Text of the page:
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Bernard Collaery, Woodside, and the carbon industry’s corruption of Australian democracy

Xenophon Davis

February 18, 2021

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By Tim Hollo (@timhollo)

We’re here, of course, to stand in solidarity with Witness K and Bernard Collaery, and to bear witness to them being dragged before the courts because they stood up for democracy, and because their actions expose for all to see the dark dirty underbelly of our political system, and their trial in secret exposes it even more.

Australian democracy has always been a complex, contradictory beast. We’re proud of the peaceful process of federation, with no war of independence, but that carefully sweeps under the carpet the 120 years of frontier wars that preceded it, which our mainstream history studiously ignores.

And, while remarkable grassroots campaigns delivered voting rights to women and the secret ballot very early on, that federation process, conducted by old white men in closed rooms 120 years ago has bequeathed us a very top-down democracy.

Our country’s founding document is an act of the British parliament, written in the age of empires, closer to Napoleon’s time than our own. It does not see government granted the capacity to govern by a sovereign people – far from it. It sees a crowned sovereign a planet away granting her subjects some measure of a say over their lives.

Bernard Collaery’s trial and the carbon industry’s influence

I give this potted history which we all know because this top-down democracy has evolved over that century from the generous grant of an imperial sovereign to the dominant power of extractive industry, treating this land and its people as inconvenient impediments to their untrammelled right to make mind-boggling profits.

In Australia today, we have government by the fossil fuel industries, of the fossil fuel industries, for the fossil fuel industries.

From the carbon price to the resource rent tax, from Juukan Gorge to Adani, from the gas-led recovery to the Timor Sea, we see the will of the people and just outcomes subordinated to the profits of one of the most destructive industries in the world.

What Witness K and Bernard Collaery have done is shine a spotlight on that fact, deeply embarrassing governments by showing for all to see that the highest levels of government, even in international relations, are corrupted, are coopted by polluting profiteering.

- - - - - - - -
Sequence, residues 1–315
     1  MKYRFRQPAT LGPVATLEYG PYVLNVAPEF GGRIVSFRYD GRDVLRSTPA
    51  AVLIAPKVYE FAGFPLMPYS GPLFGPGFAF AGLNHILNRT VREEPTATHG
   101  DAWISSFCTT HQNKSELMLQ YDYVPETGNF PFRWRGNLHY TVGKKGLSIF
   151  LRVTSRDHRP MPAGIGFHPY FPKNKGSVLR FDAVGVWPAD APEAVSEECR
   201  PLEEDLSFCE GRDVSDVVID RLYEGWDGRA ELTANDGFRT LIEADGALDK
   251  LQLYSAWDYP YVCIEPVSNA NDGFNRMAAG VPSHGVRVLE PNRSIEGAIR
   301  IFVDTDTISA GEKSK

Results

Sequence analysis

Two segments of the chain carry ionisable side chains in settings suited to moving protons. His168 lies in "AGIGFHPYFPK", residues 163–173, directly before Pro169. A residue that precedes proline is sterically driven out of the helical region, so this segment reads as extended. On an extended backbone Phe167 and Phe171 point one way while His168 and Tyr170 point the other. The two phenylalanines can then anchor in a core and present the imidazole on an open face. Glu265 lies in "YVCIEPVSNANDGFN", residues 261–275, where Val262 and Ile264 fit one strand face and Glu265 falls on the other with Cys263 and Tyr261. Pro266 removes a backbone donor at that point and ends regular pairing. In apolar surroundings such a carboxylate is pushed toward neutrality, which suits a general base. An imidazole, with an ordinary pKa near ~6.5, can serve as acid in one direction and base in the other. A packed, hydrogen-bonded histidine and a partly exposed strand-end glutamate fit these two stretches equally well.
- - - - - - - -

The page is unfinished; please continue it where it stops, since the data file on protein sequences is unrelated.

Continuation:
That our government would spy on our neighbours in order to benefit Woodside should beggar belief. That, instead of calling to account those who are responsible, governments both Liberal and Labor instead drag the whistleblowers through the courts shames our entire polity.

Democracy dies in darkness, whistleblowers shine a light

While Labor are now on the right side of this story, we must never forget that they had to be dragged to this position.

K and Collaery’s actions are so important because they make us think about the state of our democracy. And a quick glance around the world tells us there are few more crucial tasks.

Democracy is not in a good state, here or elsewhere. And top-down democracy, the subordination of the will of the people to the profit of the few, turning citizens into consumers, into supplicants, into cogs in a machine, is central to why democracy is now in crisis.

If we want to have any hope of facing down the rise of the authoritarian extreme right, we have to build a true democracy, from the bottom up, a democracy where government is the collective will of the people.

That’s why it’s so incredibly important to be here, bearing witness. The fact that this trial is being conducted in secret shows that the government know they are in the wrong.

Democracy dies in darkness, and Witness K, Bernard Collaery, and all of you are shining a light. Thanks so much for being here.

This article is adapted from a speech given by Tim Hollo during a recent protest against Bernard Collaery’s prosecution.

Tim Hollo is Executive Director of the Green Institute, a visiting fellow at the ANU’s RegNet, and Greens candidate for the setoff Canberra. He is the founder of Green Music Australia, was previously Communications Director for Greens Leader Christine Milne, has been a board member and campaigner at Greenpeace Australia Pacific, and has recorded 7 albums and toured nationally and globally with FourPlay String Quartet.

Tim established Canberra’s flourishing Buy Nothing Groups, set up a little library, and spearheaded a campaign to keep billboard advertising out of Canberra. His writing has been widely published, including at the Griffith Review, the Guardian, ABC, and Crikey. His forthcoming book, Living Democracy: An Ecological Manifesto, will be out with NewSouth Press in 2021.

 

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Written By Xenophon Davis

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